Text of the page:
McKinsey finds UK lags on productivity

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The Independent Online
News Analysis: Over-regulation and too little competitive pressure are to blame, says the consultancy. Only a free market will help close the gap

EVERYONE - the Government, academics, the private sector - agrees UK productivity is not up to scratch. Just how far Britain lags behind its competitors is painfully apparent from the study released today by McKinsey, the management consultancy.

McKinsey says Britain languishes bottom of the G7 - the world's seven richest countries - in terms of output per head. In particular UK output, or gross domestic product (GDP) per capita, trails that of west Germany by 15 per cent and the US by 30 per cent.

Focus on what McKinsey calls the "market sector" - that is, strip out government services, health and education - and matters look even worse. UK GDP per capita in the market sector trails that in west Germany by 20 per cent and the US by 40 per cent.

Alternative measures of productivity paint no better a picture. According to the McKinsey measure of total factor productivity - which essentially analyses how good Britain is at turning capital and labour inputs into output - the UK lags west Germany by 14 per cent and the US by 26 per cent.

In the car sector, UK labour productivity is 50 per cent lower than Japan's. In hotels, UK output per hour trails the US by 50 per cent and France by 40 per cent. Even the UK's deregulated telecoms sector fails to lift the gloom: UK total factor productivity in telecoms is about 60 per cent that of the US, reports McKinsey, primarily because of lower usage.

Closing the UK productivity gap is seen as essential by the politicians, and indeed by many leading commentators. Workers at Rover's Longbridge plant know only too well the consequences of poor productivity levels. Unless productivity at Longbridge improves, the plant looks set to close.

The Chancellor's pre-Budget statement, due next Tuesday, is expected to have an entire section devoted to productivity. Peter Mandelson, the Trade and Industry Secretary, has also been beating the productivity drum, and measures to boost UK competitiveness will be discussed in a forthcoming White Paper.

But, although everyone recognises that "something must be done", there is rather less agreement about what that should be.

Standard arguments about the causes of and solutions to the productivity issue essentially fall into three camps.

First, the UK has a relatively low skills base. "The skills and training aspect is a very important part of the explanation," said Nigel Pain, an expert in productivity at the National Institute of Economic and Social Research (NIESR). Put simply, many UK workers are simply not as good at their jobs as overseas counterparts. So part of the answer, the argument goes, is to invest in education - lower class sizes, improve teaching methods and reform training programmes.

Second, the UK has low levels of capital investment. McKinsey reports that capital investment per hour worked in the UK is around 25 per cent lower than in the US. This means UK technology is often not up to the standards abroad, so it is no surprise that UK productivity levels are lower. So the way forward is for the UK to "invest in investment".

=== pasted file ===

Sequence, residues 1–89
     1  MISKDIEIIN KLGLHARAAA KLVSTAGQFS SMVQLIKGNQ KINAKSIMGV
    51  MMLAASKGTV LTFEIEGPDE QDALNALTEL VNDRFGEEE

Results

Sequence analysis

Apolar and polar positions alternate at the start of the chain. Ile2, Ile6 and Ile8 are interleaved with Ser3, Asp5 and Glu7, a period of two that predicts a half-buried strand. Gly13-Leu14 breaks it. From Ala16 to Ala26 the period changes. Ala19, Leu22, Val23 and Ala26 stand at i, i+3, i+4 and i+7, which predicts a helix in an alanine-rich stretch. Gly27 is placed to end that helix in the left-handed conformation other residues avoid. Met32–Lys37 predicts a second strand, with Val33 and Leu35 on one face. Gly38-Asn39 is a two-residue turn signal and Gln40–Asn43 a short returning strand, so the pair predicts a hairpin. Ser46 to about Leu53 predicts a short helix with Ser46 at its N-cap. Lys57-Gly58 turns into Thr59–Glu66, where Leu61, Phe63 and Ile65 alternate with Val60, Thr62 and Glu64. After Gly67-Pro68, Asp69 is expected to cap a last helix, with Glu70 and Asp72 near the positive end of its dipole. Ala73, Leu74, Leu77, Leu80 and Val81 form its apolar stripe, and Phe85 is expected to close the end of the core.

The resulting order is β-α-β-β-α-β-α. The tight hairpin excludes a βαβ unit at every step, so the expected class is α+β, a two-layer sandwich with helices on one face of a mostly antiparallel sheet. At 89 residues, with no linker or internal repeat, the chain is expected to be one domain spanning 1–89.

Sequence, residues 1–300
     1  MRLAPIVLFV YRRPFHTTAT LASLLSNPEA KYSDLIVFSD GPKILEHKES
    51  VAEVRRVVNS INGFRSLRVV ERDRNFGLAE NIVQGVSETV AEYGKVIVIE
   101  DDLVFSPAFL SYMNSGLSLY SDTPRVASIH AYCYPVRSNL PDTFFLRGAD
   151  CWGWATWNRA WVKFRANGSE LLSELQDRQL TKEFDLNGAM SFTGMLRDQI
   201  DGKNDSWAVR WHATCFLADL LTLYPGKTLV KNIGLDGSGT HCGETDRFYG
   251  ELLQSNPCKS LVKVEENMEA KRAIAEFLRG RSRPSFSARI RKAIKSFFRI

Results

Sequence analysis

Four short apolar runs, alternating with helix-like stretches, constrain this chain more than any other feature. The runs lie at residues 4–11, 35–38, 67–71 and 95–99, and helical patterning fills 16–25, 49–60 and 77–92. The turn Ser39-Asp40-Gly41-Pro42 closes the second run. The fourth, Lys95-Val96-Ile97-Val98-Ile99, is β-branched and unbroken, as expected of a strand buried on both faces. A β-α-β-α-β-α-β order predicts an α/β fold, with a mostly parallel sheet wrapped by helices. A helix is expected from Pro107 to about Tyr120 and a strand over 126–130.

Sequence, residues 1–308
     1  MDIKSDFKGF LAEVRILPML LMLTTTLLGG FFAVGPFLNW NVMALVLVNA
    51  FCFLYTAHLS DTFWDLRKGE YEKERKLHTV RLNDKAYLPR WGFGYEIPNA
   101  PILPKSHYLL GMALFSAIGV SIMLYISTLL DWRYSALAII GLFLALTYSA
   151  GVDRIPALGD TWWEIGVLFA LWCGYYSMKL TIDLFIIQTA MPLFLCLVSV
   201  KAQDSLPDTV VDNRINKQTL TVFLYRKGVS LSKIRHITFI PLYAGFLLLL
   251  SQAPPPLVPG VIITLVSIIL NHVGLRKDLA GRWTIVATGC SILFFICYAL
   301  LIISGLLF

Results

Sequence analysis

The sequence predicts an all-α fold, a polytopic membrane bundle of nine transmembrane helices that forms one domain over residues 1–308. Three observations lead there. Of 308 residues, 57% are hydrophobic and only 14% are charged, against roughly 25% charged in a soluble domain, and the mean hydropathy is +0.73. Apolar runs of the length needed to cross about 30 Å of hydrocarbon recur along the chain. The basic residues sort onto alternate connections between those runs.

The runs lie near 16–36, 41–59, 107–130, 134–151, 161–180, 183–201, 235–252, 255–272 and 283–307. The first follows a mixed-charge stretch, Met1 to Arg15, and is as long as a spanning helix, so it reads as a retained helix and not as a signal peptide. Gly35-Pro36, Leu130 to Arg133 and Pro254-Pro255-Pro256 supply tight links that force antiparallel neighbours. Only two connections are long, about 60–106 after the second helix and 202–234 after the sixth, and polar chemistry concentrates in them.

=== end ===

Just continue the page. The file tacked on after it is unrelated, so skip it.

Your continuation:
The final argument often used to explain the UK's poor productivity is economies of scale. The UK is not as large as the US, so UK manufacturers tend to be smaller and so have higher unit costs. There is not much one can do about being small, proponents of this say - we should not aim for US productivity levels as we don't have a hope of getting there.

McKinsey, however, argues that many of the traditional "causes" of poor productivity are merely symptoms of a deeper malaise. According to McKinsey, two key causes of poor UK productivity are insufficient competition and over-regulation.

So, McKinsey says, the low labour productivity in the UK car sector is not primarily due to lesser skills or inferior technology. Rather, low skills and low capital investment are the result of an uncompetitive European car market where there is little competitive pressure to invest in people or machines.

And why is the British car market uncompetitive? Because of the voluntary trade restrictions that limit Japanese manufacturers' share of the UK and other key European export markets. Scrap the voluntary trade restrictions, and the market will do the rest.

McKinsey's conclusions about telecoms are similar: regulations on pricing and competition have artificially constrained productivity. The regulatory emphasis on access to the telephone has led to low line-rental charges and high call prices. McKinsey says: "The result has been much lower network capacity utilisation than in the US, where cheap or even free calls have boosted usage." The implication, again, is that the regulatory framework should be changed and market forces will do the trick.

McKinsey's proposals may go some way towards boosting productivity, but many seem unlikely to be put into practice. Some are politically unpalatable. Making access to the phone network more expensive does not sit comfortably with the Government's social objectives. Other recommendations are beyond governmental control - voluntary trade restrictions in the car sector, for example, are a matter for the European Commission.

This all means that on Tuesday Gordon Brown is likely to concentrate on traditional measures of raising productivity - investing in education and encouraging investment in infrastructure. But whatever the Chancellor and Mr Mandelson come up with, the productivity debate will run and run.

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